At that stage, Transport Malta officials were already aware the police were investigating allegations of wrongdoing by Mansueto, as an official had been appointed to assist investigators with their probe in March 2021.

Ian Borg: I act on people's complaints

Contacted by Times of Malta, Borg dismissed any claims of wrongdoing. 

Borg said the messages prove that as a minister, his door is open to everyone.

“I hear out people’s complaints and act on them. Everyone speaks to me, from youths to a priest, commercial companies from Żebbuġ to Nadur - as well as Beppe Fenech Adami. As a minister, I always forwarded these messages to the authority,” Borg said. 

Borg said he always instructed Transport Malta to help people within the parameters of the law, insisting his messages with Mansueto always made it clear that everything should be done legally.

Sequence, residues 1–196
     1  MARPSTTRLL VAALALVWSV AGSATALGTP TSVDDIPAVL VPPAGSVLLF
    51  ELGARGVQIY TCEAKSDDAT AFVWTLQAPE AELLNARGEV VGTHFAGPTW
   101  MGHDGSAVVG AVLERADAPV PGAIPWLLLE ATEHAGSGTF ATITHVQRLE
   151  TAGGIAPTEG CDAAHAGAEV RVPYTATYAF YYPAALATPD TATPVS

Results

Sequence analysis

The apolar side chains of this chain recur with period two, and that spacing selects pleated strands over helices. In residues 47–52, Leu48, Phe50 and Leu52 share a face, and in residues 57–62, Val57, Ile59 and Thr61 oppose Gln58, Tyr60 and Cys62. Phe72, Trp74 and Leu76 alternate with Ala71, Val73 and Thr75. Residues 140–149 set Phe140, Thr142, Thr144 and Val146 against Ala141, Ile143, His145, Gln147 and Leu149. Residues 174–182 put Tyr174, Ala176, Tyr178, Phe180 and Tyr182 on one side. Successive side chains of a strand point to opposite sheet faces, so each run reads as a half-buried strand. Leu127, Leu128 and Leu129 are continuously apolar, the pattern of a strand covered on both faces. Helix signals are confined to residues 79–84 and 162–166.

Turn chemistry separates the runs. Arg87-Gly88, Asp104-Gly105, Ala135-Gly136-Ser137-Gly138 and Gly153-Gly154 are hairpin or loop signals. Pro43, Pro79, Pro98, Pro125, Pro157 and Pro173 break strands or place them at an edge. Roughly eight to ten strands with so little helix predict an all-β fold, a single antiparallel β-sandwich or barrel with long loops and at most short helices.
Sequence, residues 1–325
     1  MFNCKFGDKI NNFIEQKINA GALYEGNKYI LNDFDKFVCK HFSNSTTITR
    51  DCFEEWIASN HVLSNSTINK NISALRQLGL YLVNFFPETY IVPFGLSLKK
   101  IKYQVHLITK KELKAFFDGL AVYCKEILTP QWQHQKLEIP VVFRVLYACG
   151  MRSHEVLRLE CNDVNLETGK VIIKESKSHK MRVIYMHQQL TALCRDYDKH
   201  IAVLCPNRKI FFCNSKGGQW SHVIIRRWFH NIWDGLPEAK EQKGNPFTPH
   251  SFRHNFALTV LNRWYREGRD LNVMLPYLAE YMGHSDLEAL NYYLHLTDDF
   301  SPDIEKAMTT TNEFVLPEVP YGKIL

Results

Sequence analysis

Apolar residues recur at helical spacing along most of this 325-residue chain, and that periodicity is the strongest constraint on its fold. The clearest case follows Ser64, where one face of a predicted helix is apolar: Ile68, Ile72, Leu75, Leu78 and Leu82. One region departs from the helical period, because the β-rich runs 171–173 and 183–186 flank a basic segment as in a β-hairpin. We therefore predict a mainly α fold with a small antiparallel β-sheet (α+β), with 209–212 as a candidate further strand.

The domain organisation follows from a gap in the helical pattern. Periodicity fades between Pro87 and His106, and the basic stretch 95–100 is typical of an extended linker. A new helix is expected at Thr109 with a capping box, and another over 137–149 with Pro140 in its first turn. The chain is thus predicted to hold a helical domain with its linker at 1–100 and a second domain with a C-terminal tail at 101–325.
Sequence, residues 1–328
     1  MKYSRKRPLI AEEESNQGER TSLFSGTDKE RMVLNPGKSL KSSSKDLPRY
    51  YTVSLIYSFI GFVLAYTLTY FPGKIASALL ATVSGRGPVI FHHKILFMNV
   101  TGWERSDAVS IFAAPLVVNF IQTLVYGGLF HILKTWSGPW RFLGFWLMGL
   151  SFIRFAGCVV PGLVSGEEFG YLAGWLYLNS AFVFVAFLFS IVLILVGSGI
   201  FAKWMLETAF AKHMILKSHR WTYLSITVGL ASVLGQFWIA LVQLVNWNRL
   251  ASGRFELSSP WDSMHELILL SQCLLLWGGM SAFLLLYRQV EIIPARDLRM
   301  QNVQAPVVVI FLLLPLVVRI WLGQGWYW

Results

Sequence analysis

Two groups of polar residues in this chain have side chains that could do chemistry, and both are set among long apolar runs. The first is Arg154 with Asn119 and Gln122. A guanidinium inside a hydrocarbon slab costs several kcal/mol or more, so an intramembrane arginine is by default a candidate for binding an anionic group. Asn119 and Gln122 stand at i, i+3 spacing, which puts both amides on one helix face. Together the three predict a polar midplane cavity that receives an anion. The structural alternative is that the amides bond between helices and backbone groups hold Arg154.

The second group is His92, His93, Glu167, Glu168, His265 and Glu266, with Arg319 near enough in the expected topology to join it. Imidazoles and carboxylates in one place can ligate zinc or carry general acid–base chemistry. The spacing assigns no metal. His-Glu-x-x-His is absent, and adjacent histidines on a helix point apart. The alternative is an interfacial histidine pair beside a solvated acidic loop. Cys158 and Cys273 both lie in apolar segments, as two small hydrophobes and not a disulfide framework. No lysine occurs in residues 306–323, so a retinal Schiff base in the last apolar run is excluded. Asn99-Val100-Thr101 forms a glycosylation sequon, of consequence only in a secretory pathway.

The minister said the people mentioned in the messages, as well as hundreds of others like them, were not asking for anything illegal. 

Trading in influence, which is defined in Maltese law as offering, directly or indirectly, an undue advantage to someone, carries a minimum sentence of three years imprisonment. 

How Malta's criminal code defines trading in influence.How Malta's criminal code defines trading in influence.

Continuing, Borg said he is “morally convinced” Transport Malta acted fairly, and would not like to think otherwise. 

“I am sure examiners gave a pass to those who deserved it, as per their testimony in court, and as the messages show”. 

Examiners have testified in court about the pressure they felt to pass selected candidates.Examiners have testified in court about the pressure they felt to pass selected candidates.